The third period ended. Mount Baker's Aysha Schwinden peeled her back off the gray wrestling mat that rested on the Tacoma Dome's cold concrete floor. A rush of emotion swept over her. She knew she had just won a state title.
Schwinden had yearned for over a year to get another chance to beat Centralia's Ryan Gibbons. She finally had earned sweet redemption.
Then reality set in. Schwinden hadn't won yet.
"I was getting up, and I was thinking, 'Oh my gosh, I won,'" Schwinden recalled.
A realized dream changed to nightmarish frustration moments later. Schwinden's bid to win a state title, for the second year in a row, was dashed by Gibbons. This time the sting was deeper, as Schwinden lost 11-9 during overtime of the 190-pound championship match at Mat Classic XXV.
Gibbons made up a four-point deficit in the final 10 seconds of the third period with a takedown and a near fall. Schwinden's rival somehow tied the match, sending it to overtime. Thirty seconds later, the Mount Baker senior fell victim to a sudden-death takedown, lifted her back off the wrestling mat once more and had to watch Gibbons walk away with the title Schwinden, and the rest of the Mount Baker girls' wrestling team, thought she had won in regulation.
Baker coach Clyde Blockley cried foul. Schwinden's fellow Mountaineers did, too. They thought the referee's questionable calls cost their senior a state title.
Schwinden, as ultra competitive as she is, had wanted to beat Gibbons at state ever since she lost to the Centralia product during Mat Classic XXIV's 195-pound semifinal. Schwinden couldn't quite get it done, but reaching the pinnacle of prep wrestling with two years of experience is an amazing accomplishment itself.
Schwinden has been selected The Bellingham Herald's All-Whatcom County Girls' Wrestler of the Year, while Blockley, who guided Baker to a second-place finish at state, has been selected Coach of the Year.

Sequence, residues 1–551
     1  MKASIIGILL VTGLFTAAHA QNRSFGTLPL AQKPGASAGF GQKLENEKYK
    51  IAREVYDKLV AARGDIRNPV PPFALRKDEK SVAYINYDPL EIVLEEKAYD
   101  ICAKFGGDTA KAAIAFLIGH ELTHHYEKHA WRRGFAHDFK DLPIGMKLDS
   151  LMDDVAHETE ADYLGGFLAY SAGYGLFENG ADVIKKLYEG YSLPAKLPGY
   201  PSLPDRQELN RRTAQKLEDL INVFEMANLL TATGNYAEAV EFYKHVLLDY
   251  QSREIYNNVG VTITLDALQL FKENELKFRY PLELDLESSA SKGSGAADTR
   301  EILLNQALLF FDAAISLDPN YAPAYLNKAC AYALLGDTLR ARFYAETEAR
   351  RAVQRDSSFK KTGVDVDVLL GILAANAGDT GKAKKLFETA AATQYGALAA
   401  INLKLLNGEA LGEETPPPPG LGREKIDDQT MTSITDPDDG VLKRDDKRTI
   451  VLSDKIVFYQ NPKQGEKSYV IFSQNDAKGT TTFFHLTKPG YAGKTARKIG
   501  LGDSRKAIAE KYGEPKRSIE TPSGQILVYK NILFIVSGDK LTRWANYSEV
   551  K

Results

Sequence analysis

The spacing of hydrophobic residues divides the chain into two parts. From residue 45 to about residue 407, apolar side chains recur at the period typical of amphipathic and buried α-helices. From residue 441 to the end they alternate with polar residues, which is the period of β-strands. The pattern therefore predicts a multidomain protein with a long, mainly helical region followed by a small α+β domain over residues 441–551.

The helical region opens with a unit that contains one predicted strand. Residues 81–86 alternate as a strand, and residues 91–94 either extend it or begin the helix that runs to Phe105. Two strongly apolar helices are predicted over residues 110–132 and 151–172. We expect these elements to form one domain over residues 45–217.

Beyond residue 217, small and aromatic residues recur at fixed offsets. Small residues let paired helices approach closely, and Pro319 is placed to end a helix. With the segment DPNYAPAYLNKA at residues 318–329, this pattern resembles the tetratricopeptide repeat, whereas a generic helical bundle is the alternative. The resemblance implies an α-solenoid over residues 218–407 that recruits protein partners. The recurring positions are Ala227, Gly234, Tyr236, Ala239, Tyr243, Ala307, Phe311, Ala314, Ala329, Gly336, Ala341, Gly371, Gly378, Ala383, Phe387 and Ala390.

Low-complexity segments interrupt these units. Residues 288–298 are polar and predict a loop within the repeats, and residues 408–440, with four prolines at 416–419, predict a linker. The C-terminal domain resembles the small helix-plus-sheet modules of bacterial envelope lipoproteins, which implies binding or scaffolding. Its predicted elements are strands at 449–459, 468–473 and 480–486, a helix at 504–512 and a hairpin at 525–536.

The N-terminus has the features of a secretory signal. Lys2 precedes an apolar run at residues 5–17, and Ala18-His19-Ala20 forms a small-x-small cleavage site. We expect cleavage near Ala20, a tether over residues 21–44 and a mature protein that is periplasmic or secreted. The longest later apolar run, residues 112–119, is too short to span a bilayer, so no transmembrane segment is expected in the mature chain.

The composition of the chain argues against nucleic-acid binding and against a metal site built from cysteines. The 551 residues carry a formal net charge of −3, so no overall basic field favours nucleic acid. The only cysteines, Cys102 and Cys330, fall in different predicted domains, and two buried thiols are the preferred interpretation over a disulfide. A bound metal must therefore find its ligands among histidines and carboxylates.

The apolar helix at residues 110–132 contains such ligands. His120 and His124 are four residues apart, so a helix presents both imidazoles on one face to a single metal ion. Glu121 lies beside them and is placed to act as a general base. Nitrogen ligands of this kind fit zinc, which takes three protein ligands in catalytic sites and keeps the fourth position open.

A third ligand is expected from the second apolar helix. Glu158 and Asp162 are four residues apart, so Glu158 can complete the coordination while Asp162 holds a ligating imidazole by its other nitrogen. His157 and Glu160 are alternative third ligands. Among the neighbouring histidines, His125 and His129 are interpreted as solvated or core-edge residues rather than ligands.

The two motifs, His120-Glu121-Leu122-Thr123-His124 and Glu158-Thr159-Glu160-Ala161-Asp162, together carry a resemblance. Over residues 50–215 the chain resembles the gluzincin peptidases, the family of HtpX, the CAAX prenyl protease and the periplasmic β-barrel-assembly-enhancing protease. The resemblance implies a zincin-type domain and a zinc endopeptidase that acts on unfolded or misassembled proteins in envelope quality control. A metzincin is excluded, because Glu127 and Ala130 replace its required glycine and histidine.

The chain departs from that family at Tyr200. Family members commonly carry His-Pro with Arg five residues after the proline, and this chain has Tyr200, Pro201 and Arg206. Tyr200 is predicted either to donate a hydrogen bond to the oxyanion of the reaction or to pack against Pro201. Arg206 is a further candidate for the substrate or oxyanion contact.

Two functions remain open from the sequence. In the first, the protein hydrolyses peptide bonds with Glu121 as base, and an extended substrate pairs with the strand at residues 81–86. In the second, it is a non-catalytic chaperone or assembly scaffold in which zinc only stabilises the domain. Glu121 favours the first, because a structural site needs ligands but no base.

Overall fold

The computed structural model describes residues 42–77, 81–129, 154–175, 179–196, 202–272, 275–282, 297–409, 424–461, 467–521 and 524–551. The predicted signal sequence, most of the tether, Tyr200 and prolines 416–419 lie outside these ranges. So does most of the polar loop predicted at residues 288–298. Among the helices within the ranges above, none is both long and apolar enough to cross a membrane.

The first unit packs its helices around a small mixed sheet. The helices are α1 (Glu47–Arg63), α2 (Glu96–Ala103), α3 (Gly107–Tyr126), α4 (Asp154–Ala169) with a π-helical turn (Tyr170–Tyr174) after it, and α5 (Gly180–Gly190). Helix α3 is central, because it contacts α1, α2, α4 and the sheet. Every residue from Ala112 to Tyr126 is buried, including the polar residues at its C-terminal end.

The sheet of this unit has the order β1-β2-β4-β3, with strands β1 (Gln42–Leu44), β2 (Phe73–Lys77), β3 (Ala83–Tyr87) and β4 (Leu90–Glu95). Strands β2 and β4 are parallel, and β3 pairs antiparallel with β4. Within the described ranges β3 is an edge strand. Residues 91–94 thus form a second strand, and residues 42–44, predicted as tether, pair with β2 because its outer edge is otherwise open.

"I'm definitely happy with how my season was," Schwinden said. "It's still a little tough knowing I was so close to being the best at my weight. It kind of stings, but when I look at the big picture, it's OK."
Unbelievably, Schwinden never wrestled before her junior year. Assistant coach Joe Amarando saw her potential and persuaded her to try out.
"All my friends my sophomore year had done it, and they loved it," Schwinden said. "Coach Amarando, he was begging me to try it, so I just figured it couldn't hurt."
Schwinden placed fourth at state last year. She compiled 29 wins this year and had the same number of losses as years she's wrestled: two. Twenty-two of those wins were pins.
"She was 53-12 in two years," Blockley said. "That's pretty impressive."
Impressive indeed. The eight tournament titles she stockpiled this year isn't too bad either.
So how does an athlete -- with no wrestling experience -- in two years dominate like Schwinden did?
One word: confidence. Schwinden admitted she's lacked it in the past. Blockley saw Schwinden as a bashful girl on the mat who was hesitant to go on the offensive when she first started wrestling. That all changed late in her junior year.
"The first meet before the Northwest Conference Tournament, she was just trying not to lose," Blockley explained. "After she won Northwest Conference, she kind of kicked it up a notch."
Schwinden couldn't point to a certain time her confidence boost kicked in, but she said belief in herself has helped her become a standout wrestler.
"This year I used some more moves, but the biggest part was the coaches pushing me to be more confident," she said. "When I started winning tournaments, I said, 'OK, maybe I can actually do something.'"
Winning a second-place medal, a second-place team trophy and more than half a dozen tournaments isn't the only reason Schwinden's senior season was special.
Freshman Akemi Schwinden, Aysha's younger sister, wrestled for Baker, too.
"It definitely brought us a lot closer, and I think it helped us with our wrestling season," Aysha said. "We each had each other's back and were there for support the whole season."
Blockley said Schwinden didn't follow a special formula to become as good as she is so quickly. He credited her fast rise to work ethic and dedication.
"She just worked hard everyday in the room," he said. "Everyday in the room, she wrestled coaches. She really started to believe in herself. (All the accolades) and stuff, that carries over to the young kids."
Schwinden said she's received a few offers to wrestle collegiately but hasn't yet made a decision on her future.
Reach Andrew Lang at firstname.lastname@example.org or call 360-756-2862.
Reach ANDREW LANG at email@example.com or call ext. 862.